NEWS

Vice President for Research and Innovation to step down next year

David Weindorf led CMU to record-setting grant funding, reputational rankings

| Author: Ari Harris | Media Contact: Aaron Mills

Central Michigan University Provost Nancy Mathews today announced that Vice President for Research and Innovation David Weindorf will step down from his position effective early next year.

“Vice President Weindorf has been a change leader to advance research and scholarship at CMU.  His passion and support for faculty endeavors has raised the visibility of our faculty accomplishments,” Mathews said. “Moreover, his focus on engaging the UN Sustainable Development goals as a framework for scholarship has set us apart from other universities and escalated the campus’s growing focus on global grand challenges.”

A close-up image of Dr. David WeindorfWeindorf was selected to serve as CMU’s vice president for research and innovation, a role he began July 1, 2020, following a nationwide search. His leadership included oversight of four campus units: the Office of Sponsored Programs, the Office of Research Compliance, the Office of Laboratory and Field Safety, and the Office of Graduate Studies.

During his tenure at CMU, Weindorf led the university to record-setting grantsmanship, scholarly impact and research impact.

Under Weindorf’s leadership, CMU broke all prior records for grant funding in fiscal year 2021-22, earning $26.3 million in grants and contracts. And again in 2022-23, CMU exceeded the $25 million mark for research funding.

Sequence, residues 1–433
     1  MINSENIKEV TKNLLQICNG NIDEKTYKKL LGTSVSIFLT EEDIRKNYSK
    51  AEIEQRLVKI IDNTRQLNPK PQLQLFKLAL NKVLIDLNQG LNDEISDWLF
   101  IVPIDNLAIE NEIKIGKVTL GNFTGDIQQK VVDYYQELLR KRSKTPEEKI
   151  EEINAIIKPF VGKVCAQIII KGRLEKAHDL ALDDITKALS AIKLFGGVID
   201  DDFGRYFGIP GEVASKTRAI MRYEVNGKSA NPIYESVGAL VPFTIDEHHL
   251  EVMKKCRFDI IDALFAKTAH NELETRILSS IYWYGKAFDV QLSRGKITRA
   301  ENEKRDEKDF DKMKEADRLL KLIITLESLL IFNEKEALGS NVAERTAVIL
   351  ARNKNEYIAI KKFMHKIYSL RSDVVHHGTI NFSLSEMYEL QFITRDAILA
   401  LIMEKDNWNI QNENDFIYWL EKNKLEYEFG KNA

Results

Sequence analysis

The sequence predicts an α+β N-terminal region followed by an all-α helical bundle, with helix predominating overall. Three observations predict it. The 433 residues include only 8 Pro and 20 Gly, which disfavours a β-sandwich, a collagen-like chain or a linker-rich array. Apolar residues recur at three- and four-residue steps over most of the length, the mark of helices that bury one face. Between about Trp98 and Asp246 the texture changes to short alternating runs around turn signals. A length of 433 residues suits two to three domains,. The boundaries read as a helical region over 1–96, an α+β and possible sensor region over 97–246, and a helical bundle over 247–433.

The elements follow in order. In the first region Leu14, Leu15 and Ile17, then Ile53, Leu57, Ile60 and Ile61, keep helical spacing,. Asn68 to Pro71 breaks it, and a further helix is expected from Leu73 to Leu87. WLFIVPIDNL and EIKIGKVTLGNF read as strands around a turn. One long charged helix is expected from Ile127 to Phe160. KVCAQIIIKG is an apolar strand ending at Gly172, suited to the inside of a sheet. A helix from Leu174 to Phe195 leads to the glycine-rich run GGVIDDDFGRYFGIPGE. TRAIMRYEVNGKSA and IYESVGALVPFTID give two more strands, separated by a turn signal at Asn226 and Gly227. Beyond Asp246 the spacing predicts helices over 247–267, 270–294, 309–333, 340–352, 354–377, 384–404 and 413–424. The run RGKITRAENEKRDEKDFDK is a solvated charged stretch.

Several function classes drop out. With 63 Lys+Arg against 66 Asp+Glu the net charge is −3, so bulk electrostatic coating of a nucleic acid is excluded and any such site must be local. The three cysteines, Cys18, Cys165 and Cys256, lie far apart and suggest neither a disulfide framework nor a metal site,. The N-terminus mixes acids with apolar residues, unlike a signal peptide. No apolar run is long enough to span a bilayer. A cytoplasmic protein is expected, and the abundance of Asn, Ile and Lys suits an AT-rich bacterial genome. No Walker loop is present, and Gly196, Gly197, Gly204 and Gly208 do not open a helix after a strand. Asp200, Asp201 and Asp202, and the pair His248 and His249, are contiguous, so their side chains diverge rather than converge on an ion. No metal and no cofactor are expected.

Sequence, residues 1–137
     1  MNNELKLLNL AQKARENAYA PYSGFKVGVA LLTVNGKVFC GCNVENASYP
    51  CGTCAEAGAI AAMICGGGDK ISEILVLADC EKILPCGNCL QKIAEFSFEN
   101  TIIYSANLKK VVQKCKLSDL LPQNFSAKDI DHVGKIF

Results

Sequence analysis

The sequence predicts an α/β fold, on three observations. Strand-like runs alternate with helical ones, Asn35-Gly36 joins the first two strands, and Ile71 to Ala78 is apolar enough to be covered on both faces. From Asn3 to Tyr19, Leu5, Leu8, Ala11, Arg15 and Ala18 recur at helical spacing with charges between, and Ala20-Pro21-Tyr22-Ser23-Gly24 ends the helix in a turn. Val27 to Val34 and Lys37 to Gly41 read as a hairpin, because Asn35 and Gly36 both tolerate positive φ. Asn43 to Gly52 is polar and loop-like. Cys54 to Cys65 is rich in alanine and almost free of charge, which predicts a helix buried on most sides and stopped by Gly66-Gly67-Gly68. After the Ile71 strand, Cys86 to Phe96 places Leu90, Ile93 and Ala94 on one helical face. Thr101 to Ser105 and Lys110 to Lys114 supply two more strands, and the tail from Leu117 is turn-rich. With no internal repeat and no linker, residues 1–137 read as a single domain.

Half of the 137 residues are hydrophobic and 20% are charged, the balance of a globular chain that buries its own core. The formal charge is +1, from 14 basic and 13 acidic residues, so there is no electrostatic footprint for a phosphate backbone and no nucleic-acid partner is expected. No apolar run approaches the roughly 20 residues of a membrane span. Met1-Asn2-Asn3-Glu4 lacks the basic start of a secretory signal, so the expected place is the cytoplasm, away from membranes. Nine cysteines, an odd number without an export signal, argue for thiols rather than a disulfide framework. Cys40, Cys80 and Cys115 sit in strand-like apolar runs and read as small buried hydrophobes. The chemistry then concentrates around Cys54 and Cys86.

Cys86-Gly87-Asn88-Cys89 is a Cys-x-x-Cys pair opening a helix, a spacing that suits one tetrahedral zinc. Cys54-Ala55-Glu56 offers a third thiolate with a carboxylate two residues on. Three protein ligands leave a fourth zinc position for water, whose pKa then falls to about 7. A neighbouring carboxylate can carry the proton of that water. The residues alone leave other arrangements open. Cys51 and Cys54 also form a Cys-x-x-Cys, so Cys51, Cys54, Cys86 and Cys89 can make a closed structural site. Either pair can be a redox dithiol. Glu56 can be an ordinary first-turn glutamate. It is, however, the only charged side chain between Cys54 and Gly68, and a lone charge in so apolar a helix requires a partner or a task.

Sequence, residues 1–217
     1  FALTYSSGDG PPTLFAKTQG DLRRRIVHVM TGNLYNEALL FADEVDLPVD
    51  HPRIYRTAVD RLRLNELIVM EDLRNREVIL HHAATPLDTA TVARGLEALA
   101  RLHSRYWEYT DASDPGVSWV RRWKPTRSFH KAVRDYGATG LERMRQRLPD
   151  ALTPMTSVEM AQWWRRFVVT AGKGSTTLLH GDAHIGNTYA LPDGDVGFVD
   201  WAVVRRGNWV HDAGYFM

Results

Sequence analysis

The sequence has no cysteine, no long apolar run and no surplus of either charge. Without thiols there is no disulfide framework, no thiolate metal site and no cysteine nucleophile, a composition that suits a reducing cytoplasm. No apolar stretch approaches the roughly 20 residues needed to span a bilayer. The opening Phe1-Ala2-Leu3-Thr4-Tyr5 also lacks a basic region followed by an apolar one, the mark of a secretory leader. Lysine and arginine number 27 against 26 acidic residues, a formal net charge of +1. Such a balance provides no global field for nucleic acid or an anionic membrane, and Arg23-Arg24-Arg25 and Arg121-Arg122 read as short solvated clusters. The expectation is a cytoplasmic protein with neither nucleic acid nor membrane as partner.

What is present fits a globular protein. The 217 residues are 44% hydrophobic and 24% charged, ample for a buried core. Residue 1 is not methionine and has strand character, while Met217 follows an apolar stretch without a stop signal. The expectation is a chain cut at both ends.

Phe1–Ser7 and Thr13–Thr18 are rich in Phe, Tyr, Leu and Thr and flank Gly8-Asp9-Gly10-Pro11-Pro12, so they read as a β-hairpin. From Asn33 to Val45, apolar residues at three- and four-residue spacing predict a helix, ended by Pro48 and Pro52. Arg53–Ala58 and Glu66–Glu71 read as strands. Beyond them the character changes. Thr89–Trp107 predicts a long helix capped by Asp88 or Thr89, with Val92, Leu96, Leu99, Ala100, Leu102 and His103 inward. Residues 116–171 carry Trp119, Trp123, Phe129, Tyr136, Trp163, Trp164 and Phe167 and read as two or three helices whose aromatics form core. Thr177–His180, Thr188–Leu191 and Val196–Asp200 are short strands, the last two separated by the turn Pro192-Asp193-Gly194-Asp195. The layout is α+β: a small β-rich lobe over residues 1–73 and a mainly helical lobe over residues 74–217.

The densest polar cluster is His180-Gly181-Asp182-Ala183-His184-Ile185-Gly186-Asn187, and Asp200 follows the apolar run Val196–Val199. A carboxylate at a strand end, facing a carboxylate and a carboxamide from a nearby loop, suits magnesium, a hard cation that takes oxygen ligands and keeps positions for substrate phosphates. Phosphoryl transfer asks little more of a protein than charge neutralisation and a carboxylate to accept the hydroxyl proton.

At the same time, Weindorf helped faculty across the university significantly increase scholarly output, outpacing growth among peer Mid-American Conference Schools and earning the university a spot in the Quacquarelli Symonds World University Rankings for the first time. CMU also ranked for a second year in 2023 and is included again in the recently released 2024 rankings.

With his leadership, CMU also achieved its highest ranking in the National Science Foundation’s Higher Education Research and Development survey, and made its debut in the Times Higher Education (THE) World University Rankings. Weindorf supported the university through other notable achievements, including inclusion in the Michigan Space Grant Consortium.

“I am so thankful for the wonderful 3.5 years I have spent at CMU. The records and accolades of research prominence CMU has achieved are a direct reflection of the hard work of the faculty, staff, and students of CMU,” Weindorf said. “Please know that CMU will forever hold a special place in my heart and in my career, and that I will be continually rooting for CMU’s continued success from afar.” 

Weindorf will shift into a new role as vice president for research and economic development at Georgia Southern University in April 2024. Provost Mathews said CMU would initiate a search to refill his current role early in the spring semester.